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Sleeping young businessman

Having trained thousands of business people all over the world in writing, I’ve identified three elements of good writing:

Top Content – I can’t help you with this. It is up to you and your business to apply your expertise through research, consultation and thought.

Clarity – if an idea is clear in your head, it will be clear in writing.

Personality – this is what I want to focus on. This is what most business writing lacks.

Many business writers suffer from The Myth of Professionalism.  They believe that to write well it must be ‘professional’, resulting in formal language. The problem with formal language is that words tend to be long, hard to spell, less understood and create a gap between the writer and the reader.

Formal writing is de-humanised and makes the writer sound like a corporate drone. Business writing is too formal and that’s why it’s dull. What do you think?

To read this post in full, click here

What’s more persuasive: head or heart?

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Comic Relief

Last Friday saw the UK charity Comic Relief raise an impressive £78 million for individuals in need in the UK and Africa. As I sat, with my family, watching the programme without donating, I felt un-moved. That is until a story came on describing how a 72-year old Grandmother and her granddaughter search for food every day in a mountain of rubbish. The young girl was stalked by men trying to abuse her as she and her frail Grandmother rummaged through the waste for scraps of food. As I watched and listened to the TV, I felt outraged that anyone should have to live like this and it ‘moved’ me.

The language here is key; I was ‘moved’ to donate. ‘Move’ is a multi-layered word meaning ‘motivated to act’ and ‘affected emotionally’. This story is living proof that logic provokes people to think but emotions make them act.

Therefore, when writing, if you don’t affect your reader emotionally, they are less likely to do what you would like them to do.

One technique in my 21-technique toolkit is ‘Establish your objective’ using the acronym K.F.C. What you want your reader to Know, Feel and Commit to doing.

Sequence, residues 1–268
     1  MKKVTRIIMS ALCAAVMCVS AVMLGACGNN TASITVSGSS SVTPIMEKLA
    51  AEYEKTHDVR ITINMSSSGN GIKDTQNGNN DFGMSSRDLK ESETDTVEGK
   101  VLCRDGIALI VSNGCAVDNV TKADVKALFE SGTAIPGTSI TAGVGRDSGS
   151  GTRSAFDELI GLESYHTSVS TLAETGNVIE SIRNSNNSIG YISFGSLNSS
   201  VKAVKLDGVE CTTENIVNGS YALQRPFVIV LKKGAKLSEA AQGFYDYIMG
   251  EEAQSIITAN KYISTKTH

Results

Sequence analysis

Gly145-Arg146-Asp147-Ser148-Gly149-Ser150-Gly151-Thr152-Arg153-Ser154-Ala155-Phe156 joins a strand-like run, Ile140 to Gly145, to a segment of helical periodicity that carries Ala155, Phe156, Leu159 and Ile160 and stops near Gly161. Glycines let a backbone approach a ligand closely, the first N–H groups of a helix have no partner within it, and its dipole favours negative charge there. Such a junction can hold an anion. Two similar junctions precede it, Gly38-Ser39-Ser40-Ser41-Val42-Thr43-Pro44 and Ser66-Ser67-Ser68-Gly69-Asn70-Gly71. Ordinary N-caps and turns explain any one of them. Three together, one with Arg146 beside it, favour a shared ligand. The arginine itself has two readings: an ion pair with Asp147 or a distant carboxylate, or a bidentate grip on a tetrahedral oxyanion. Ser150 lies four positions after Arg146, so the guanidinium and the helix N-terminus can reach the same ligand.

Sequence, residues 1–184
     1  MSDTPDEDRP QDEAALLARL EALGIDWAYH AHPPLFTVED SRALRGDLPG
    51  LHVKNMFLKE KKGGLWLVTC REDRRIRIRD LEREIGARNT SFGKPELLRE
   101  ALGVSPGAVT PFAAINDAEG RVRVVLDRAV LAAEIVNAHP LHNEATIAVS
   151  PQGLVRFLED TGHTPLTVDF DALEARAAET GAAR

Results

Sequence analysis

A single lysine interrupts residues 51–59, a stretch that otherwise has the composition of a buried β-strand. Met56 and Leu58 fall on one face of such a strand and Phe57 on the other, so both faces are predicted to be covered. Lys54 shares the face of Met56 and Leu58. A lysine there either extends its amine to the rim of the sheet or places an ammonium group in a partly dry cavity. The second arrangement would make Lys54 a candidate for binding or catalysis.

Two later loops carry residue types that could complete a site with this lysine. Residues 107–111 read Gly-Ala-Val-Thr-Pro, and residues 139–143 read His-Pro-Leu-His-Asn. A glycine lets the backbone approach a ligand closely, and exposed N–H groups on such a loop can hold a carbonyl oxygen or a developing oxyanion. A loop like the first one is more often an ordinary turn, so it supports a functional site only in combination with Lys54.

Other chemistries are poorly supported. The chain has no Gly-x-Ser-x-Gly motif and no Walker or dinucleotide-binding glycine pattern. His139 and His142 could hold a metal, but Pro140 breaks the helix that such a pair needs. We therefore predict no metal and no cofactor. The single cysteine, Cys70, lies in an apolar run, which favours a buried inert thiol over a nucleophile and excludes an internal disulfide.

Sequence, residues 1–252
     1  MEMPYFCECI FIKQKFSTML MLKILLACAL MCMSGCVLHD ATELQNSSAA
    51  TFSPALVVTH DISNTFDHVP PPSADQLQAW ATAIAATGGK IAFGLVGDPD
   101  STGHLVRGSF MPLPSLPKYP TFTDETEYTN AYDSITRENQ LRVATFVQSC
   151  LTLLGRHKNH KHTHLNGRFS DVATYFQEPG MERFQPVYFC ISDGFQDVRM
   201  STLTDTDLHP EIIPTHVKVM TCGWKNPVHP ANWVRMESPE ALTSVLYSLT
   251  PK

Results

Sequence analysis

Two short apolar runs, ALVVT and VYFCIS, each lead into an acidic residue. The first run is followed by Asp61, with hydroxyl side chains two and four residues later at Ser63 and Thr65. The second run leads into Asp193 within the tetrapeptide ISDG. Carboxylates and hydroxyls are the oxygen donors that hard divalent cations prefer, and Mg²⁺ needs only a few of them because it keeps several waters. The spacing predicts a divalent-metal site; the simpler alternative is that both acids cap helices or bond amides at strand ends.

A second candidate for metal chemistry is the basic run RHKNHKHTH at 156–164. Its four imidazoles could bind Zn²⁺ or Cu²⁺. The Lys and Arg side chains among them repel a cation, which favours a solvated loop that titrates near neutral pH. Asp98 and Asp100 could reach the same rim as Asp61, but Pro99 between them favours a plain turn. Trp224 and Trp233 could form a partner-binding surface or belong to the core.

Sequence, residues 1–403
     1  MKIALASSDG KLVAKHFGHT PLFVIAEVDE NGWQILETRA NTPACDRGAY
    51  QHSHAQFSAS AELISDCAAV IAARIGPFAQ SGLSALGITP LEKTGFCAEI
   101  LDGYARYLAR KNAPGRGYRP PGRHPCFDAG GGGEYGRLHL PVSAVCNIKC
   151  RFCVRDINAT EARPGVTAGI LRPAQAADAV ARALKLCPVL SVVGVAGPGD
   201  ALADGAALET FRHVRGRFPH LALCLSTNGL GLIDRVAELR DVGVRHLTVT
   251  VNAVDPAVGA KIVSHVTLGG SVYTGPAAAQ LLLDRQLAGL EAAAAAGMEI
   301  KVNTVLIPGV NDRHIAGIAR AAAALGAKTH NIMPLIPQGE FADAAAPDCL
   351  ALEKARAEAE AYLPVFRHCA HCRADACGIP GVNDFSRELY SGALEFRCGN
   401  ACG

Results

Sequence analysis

Knowledge is all about wanting to inform your reader, Feeling is about the emotions you want to arouse in them in order for them to take action and Commit to something as a result of reading your words.

To read this post in full, click here

Is the frog in your throat choking your bids?

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I recently reviewed a client’s proposal for public sector funding. The first, most important question, asked for a summary of the project, including that telling phrase, “Why should we give your our money?”.

The client’s first paragraph described the background of the project. The funding organisation already had access to this information, so this was a waste of space and paper. The second paragraph continued to develop upon the background of the project so wasn’t much better. The third paragraph began unpromisingly: ‘Whilst we are aware that…’. This didn’t sound like it was about to summarise the project, and it didn’t. Eventually, in paragraph four, the proposal was outlined. The only reason I kept reading was because the proposer is a client; if I had been the evaluator, I would have given up and marked them down.

So what is my point?

The first three paragraphs were the literary equivalent of the writer clearing their throat before writing something relevant and interesting in the fourth paragraph. This is not an isolated case; I regularly come across this when I am reviewing bids, tender and proposals.

Ineffective writing like this is usually caused due to poor planning and an unwillingness to get straight to the point.

Try this approach to avoid similar mistakes:

  1. Define and explain what you are proposing in one sentence – you can give more detail later
  2. Describe what the reader/client will get if they appoint you (benefits/outcomes)
  3. Show why your proposal matters to them by linking what the client/reader could receive, and how this will help them to achieve their agenda and objectives.

If you would like to see this post in full click here